On the 14th of April the Tate Gallery in London opens a major retrospective of the work of Catalan surrealist painter Joan Miró. More than 150 paintings, drawings, sculptures and prints spanning across the six decades of his prolific career have been gathered together by the Tate.

The exhibition showcases many of his major works, many of which are on loan from the Fundació Miró on Montjuic in Barcelona.

The Tate exhibition sets out to show that the playful innocence of his milieu hides a far deeper concern for humanity and a sense of personal and national identity.

A Catalan and native son of Barcelona, Miró remained a symbol of international culture under Franco’s brutal dictatorship, in which the region of Catalunya suffered intense repression. His grand abstract paintings of the late 1960s and early 1970s became a mark of resistance and integrity in the dying years of the regime.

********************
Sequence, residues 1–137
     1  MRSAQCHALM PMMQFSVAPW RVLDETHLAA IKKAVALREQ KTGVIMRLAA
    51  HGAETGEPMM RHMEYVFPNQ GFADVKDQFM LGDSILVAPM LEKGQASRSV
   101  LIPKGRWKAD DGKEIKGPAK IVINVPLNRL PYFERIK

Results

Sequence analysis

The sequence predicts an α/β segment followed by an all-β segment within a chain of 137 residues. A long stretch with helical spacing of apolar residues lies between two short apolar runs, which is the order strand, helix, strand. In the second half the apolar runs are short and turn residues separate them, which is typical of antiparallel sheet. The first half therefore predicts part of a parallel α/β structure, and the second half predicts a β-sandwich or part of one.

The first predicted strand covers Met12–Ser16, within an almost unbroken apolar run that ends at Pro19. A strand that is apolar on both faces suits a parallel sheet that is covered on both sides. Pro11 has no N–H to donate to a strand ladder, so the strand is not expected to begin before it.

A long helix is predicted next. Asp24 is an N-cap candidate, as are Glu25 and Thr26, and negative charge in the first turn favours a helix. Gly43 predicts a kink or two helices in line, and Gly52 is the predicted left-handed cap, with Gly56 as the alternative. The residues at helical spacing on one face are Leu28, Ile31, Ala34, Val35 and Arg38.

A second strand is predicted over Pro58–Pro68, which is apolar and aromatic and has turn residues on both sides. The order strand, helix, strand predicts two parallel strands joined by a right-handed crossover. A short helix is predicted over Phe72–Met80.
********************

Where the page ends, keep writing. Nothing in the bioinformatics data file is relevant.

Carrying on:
The Tate exhibition will inevitably lead many people to Barcelona to follow up on the discovery of Miró, whose presence can be felt everywhere in the city.  No better starting point can be found that the eponymous Miró Foundation on Montjuic. Its white minimalist white structure smacks of Le Corbusier but  was in fact designed by Catalan architect Josep Lluis Sert especially for the purpose of housing the most important collection of Miró’s work.

Take a walk along Las Ramblas and you will soon stumble across a mosaic laid on the street with a familiar loose black outline delineating blots of primary colour: blue. Red and yellow. Or try the Park Miró in the Eixample where you can see his Dona I Ocell (Lady and Bird) sculpture pointing skyward.

If you are interested in Miró then apart from the upcoming exibition at the Tate in London you can do no better than come to Barcelona